SALT LAKE CITY — Overstock.com CEO Jonathan Johnson likened it to flipping a switch.
One week, the company’s 231,000-square-foot main office building in Midvale was bustling with employees, and the next it was practically deserted. Things happened fast as COVID-19 restrictions forced Utah companies to adapt to virtual meetings, remote deals and working while kids ran around.
But even with most of Utah moving to a low-risk phase of the state’s COVID-19 response plan beginning Saturday — paving the way for all businesses to reopen once again — that doesn’t necessarily mean the switch is going to quickly flip the other way.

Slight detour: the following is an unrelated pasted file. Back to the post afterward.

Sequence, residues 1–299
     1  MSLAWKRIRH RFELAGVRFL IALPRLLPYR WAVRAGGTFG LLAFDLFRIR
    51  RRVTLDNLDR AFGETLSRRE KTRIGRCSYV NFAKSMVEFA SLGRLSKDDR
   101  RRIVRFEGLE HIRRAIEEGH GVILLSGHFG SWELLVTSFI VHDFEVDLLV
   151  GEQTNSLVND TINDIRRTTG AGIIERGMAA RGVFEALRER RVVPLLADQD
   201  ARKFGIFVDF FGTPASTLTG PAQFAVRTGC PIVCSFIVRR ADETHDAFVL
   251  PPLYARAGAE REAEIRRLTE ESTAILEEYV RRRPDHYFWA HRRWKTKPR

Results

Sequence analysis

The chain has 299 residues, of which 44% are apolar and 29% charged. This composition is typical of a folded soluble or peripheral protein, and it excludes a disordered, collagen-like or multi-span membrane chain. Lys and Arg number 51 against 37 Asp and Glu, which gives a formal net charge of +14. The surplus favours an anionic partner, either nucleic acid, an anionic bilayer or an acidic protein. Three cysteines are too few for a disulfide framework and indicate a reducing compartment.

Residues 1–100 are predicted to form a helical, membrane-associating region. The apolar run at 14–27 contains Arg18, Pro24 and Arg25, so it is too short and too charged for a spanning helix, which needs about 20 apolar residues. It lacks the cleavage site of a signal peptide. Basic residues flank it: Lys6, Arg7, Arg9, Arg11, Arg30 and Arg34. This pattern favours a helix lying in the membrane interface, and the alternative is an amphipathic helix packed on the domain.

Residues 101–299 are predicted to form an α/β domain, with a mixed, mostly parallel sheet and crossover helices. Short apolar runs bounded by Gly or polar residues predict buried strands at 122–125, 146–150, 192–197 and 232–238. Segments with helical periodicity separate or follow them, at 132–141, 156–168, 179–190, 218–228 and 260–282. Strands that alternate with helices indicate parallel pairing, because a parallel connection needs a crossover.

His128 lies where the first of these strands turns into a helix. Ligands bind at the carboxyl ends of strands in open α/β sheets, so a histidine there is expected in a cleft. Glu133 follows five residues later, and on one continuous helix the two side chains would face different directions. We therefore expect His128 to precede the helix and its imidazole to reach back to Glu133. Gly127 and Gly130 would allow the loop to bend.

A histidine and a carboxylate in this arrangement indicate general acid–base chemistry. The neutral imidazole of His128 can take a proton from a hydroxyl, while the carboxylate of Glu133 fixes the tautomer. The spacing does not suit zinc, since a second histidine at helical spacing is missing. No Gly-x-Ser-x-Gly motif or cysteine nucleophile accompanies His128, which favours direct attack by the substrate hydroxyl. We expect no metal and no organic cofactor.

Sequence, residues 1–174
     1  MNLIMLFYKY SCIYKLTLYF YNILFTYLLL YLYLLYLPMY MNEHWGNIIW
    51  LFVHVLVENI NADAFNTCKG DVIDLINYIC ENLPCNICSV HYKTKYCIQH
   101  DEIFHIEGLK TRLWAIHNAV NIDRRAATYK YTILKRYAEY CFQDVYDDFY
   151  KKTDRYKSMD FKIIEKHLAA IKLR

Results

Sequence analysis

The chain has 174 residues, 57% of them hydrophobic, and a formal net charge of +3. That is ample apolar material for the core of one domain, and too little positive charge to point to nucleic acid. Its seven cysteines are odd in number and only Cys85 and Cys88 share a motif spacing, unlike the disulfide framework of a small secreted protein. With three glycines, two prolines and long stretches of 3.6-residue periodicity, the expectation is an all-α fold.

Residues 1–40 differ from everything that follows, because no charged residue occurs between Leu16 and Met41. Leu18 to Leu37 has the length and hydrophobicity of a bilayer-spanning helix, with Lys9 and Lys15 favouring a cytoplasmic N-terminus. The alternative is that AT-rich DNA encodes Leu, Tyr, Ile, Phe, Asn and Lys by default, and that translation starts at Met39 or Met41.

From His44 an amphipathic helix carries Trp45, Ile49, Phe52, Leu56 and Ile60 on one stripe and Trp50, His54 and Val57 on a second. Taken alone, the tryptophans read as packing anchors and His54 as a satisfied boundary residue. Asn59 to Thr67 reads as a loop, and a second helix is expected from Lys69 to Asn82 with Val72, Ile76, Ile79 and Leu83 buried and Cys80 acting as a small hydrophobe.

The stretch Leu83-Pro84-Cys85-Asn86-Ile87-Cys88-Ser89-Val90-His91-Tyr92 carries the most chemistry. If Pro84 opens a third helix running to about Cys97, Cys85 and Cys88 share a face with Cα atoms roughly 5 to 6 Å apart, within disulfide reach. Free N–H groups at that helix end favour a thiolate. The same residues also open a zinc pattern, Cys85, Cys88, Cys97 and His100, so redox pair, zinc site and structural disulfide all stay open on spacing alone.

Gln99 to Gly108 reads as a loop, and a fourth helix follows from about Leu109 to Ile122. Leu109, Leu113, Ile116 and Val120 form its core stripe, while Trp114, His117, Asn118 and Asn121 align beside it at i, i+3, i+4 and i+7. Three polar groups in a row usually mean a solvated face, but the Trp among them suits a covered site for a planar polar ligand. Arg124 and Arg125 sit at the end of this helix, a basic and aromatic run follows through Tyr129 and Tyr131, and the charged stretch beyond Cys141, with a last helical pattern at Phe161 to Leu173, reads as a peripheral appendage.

“We’re in no hurry,” Johnson said of returning to the physical campus. “We don’t feel like we need to be the vanguard of back in the office. We’re working well from home, so we’re just gonna wait and see. … When I read ‘yellow,’ it’s a little looser, but we can still have people work from home in yellow. I think we’re gonna wait until we’re confident that it’s safe, or as confident we can be in this new landscape.” Finding success in working from home
That sentiment is echoed by many of Utah’s largest employers. It’s motivated by safety and caution for their employees, yes, but also because many don’t feel the need to rush back into things from a business standpoint either.
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